Well, at least it was not a phantom injury. Reports this morning say that Manny Pacquiao will undergo surgery for a “significant tear” in his right rotator cuff and will not be able to train for about 9 months. All too often the use of an injury to explain a defeat or a failing sort of rings hollow. However, if someone says he was injured during a competition and then goes under the knife to repair an injury that indeed would affect athletic abilities, one had to acknowledge that the injury was there during the event.
Nevertheless, given the lackluster reviews and commentaries subsequent to the “Fight of the Century”, I am not sure there will be any sort of clamor for a rematch from the public. I will not be surprised if the two camps try to figure a way to put together a rematch in a year or two simply because of the revenue the first fight generated, but I think they will have to sell the rematch whereas the original fight sold itself.
More than a couple of folks have said that American Pharoah’s win in the Kentucky Derby – along with his previous racing credentials – makes him a serious contender to “break the streak” and win the first Triple Crown since Affirmed won it in 1978. A subset of those folks who are on American Pharoah’s bandwagon thinks that this crop of 3-year olds is a strong one and that would make American Pharoah a worthy addition to the list of Triple Crown winners.
I have exactly no idea at the moment if American Pharoah is going to win the Triple Crown nor am I ready to pronounce this year’s 3-year old crop a top shelf commodity. However, one of the outputs from Curmudgeon Central is a dose of reality when faced with unbridled euphoria. Therefore, please consider:
1. American Pharoah got an easy trip in the Derby settling nicely in third and fourth place just off the pace. He had to navigate exactly no traffic jams in that race.
2. American Pharoah ran the mile-and-a-quarter in 2:03 on a fast track. Secretariat ran the Derby in 1:59 2/5. Using handicappers’ metrics, that means American Pharoah would have been 18 lengths behind Secretariat.
3. American Pharoah ran the final quarter mile of that race in 26 2/5 seconds. Handicappers look at horse workouts and gauge a good workout by the mnemonic “eighths in twelve” meaning a good workout is 12 seconds for each eighth of a mile in the workout. American Pharoah’s final quarter for the Derby was more than 2 seconds slower that a good workout time.
4. The fact that a whole bunch of other 3-year olds finished behind American Pharoah means to me that this year’s crop of 3-year olds has a lot to show in the next 7 months before I would anoint it as “great”.
Another area of unbridled euphoria that is out and about in the land has to do with the NFL Draft. In the few days subsequent to the Draft, it is commonplace to read analysts’ grades for the Draft team by team. Since there is no real way to know how all of those players will transition to the NFL about now – and it will be at least 2 years and probably 3 until we do know – these commentaries are a tad silly. However, they are made sillier by the unbridled euphoria that infuses them.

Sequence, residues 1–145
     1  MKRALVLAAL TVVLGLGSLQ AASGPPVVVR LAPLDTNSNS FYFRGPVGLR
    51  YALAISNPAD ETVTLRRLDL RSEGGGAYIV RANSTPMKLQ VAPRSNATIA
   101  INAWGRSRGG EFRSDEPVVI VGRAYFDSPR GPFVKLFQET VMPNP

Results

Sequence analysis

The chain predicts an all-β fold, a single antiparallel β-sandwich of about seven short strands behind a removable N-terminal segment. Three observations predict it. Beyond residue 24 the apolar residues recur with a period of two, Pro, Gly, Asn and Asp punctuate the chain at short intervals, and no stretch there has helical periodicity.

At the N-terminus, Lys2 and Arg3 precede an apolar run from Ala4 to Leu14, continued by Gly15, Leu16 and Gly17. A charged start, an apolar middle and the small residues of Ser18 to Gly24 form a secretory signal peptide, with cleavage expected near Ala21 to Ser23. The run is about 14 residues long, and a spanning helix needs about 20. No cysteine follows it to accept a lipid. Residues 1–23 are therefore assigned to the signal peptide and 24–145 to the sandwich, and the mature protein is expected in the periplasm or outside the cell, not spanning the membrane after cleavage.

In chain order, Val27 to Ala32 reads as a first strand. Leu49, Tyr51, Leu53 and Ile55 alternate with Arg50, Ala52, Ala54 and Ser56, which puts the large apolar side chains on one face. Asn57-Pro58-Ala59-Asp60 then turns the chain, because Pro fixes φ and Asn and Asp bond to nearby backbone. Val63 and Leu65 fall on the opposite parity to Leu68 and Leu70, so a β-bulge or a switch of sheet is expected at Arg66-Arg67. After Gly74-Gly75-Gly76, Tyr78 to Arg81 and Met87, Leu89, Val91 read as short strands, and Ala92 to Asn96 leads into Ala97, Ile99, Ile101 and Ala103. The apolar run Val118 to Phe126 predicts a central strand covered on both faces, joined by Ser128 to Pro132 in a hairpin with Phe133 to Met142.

I am going to pick on Mark Maske of the Washington Post here but he is NOT alone. Mark Maske covers the NFL at large for the Post and I think he does a good job at it. However, when it comes to grading the teams after this year’s draft, the worst grade he assigned was a “C-“to two teams. Every other team was “C” or better. Now you can call that unbridled euphoria if you want because certainly a couple of teams are going to come out of this draft with next to nothing to show for their efforts – or – you can attribute this to the Lake Woebegone effect where all the children are slightly above average. Whatever…
Oh, I said that grading drafts two days after the fact is a tad silly. Let me put that on a spectrum for you. It is not nearly as silly creating the “Big Board” for the 2016 NFL Draft right about now. If you go to Google and search for “NFL Draft 2016 mock” you will find more than a couple of pages worth of links to articles available online on the subject. Get a grip…
Former NY Yankee centerfielder, Bernie Williams announced his retirement about a week ago. According to the stats I could find, his last game in MLB was in 2006. I do not know about you, but I sort of figured that he had already retired from the game and took up a musical career with guitar stylings. However, I learned that one does not retire from MLB simply by not playing for almost a decade; one has to make an affirmative declaration of retirement for one to move to that status. So, now it is official…
Here is an item I ran across in Greg Drinnan’s blog, Taking Note/Keeping Score:
“Molly Schuyler, a competitive eater, took all of 20 minutes to down three 72-ounce steaks, three baked potatoes, three shrimp cocktails, three salads and three dinner rolls. . . . ‘Or as they call it in Texas,’ said NBC-TV’s Seth Meyers, ‘a kids meal.’ . . . Did we mention that Schuyler weighs in at 120 pounds? With an appetite like that, I can’t imagine her being a cheap date.”
Finally, having mentioned Bernie Williams’ retirement above, here is a relevant comment from Greg Cote in the Miami Herald:
“The Yankees announced they would retire the numbers of Andy Pettitte, Jorge Posada and Bernie Williams. Hmm. Who else remembers when only all-time greats got their numbers retired?”
But don’t get me wrong, I love sports………